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Marine Ecology Progress Series

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MEPS 545:215-225 (2016)  -  DOI:

Tidal elevation and parasitism: patterns of infection by the rhizocephalan parasite Sacculina carcini in shore crabs Carcinus maenas

Andreas M. Waser1,2,*, M. Anouk Goedknegt1,2, Rob Dekker1, Niamh McSweeney1, Johannes IJ. Witte1, Jaap van der Meer1,2, David W. Thieltges1,3

1Department of Coastal Systems, NIOZ Royal Netherlands Institute for Sea Research and Utrecht University, PO Box 59, 1790 AB Den Burg, Texel, The Netherlands
2Department of Animal Ecology, Faculty of Earth & Life Sciences, VU University Amsterdam, de Boelelaan 1085, 1081 HV Amsterdam, The Netherlands
3Department of Marine Benthic Ecology and Evolution, GELIFES, University of Groningen, Nijenborgh 7, 9747 AG Groningen, The Netherlands
*Corresponding author:

ABSTRACT: While the distinct zonation patterns of benthic organisms along intertidal elevation gradients have been extensively documented, relatively little is known about the impact that tidal elevation has on the distribution and abundance of marine parasites that are common in intertidal ecosystems. In this study, we investigated the distribution of shore crabs Carcinus maenas infected with the rhizocephalan parasite Sacculina carcini at 12 locations and in 3 adjacent habitats (intertidal mussel beds, intertidal bare sand flats and subtidal gullies) along a tidal elevation gradient in the Dutch Wadden Sea. Our sampling revealed that of the 27629 crabs investigated, most infected crabs were found in the subtidal gullies and almost none on intertidal bare sand flats or mussel beds at all of the 12 locations. This probably resulted from a parasite-induced manipulation of infected crabs to behave like egg-bearing females which migrate towards deeper waters, as the same pattern was observed in the distribution of non-infected ovigerous females. The prevalence of both infected crabs and ovigerous females in the gullies was significantly correlated with water depth, and both tended to increase (albeit not significantly) with increasing salinity. As water depth and salinity are expected to affect larval survival of both parasites and crabs, this suggests that the migration into subtidal habitats may result in favourable conditions for reproduction and dispersal. By using a replicated and nested sampling design as well as a large sample size, our study significantly increases the limited understanding of parasite distributions along tidal elevation gradients.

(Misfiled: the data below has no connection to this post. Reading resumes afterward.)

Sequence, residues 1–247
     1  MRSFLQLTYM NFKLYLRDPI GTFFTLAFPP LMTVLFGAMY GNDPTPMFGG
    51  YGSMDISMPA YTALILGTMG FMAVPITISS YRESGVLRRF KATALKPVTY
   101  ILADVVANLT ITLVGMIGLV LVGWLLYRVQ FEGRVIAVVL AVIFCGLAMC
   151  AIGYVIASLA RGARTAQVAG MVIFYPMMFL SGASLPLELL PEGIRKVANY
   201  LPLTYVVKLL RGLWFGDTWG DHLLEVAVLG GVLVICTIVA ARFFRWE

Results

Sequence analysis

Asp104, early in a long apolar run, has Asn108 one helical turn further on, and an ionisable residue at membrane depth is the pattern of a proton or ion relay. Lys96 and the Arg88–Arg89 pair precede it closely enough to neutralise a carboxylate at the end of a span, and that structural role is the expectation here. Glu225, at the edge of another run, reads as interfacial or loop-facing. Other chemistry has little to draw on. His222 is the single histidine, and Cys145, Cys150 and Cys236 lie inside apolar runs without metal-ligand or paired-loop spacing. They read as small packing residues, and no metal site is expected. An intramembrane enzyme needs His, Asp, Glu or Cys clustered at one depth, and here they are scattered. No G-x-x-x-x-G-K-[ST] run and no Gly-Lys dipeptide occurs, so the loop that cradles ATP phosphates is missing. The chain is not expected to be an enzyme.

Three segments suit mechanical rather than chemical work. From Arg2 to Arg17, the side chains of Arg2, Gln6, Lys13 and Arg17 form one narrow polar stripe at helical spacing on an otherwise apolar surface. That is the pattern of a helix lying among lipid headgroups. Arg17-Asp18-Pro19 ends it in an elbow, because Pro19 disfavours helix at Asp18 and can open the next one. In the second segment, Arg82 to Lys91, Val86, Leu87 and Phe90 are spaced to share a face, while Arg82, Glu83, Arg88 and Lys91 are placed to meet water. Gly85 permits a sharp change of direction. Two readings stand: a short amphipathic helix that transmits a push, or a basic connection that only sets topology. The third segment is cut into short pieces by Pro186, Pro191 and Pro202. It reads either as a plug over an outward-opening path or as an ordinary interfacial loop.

KEY WORDS: Parasitism · Tidal zonation patterns · Rhizocephalan barnacles · Parasite manipulation of host behaviour · Brood mimicry · Wadden Sea · Feminisation

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Cite this article as: Waser AM, Goedknegt MA, Dekker R, McSweeney N, Witte JIJ, van der Meer J, Thieltges DW (2016) Tidal elevation and parasitism: patterns of infection by the rhizocephalan parasite Sacculina carcini in shore crabs Carcinus maenas. Mar Ecol Prog Ser 545:215-225.

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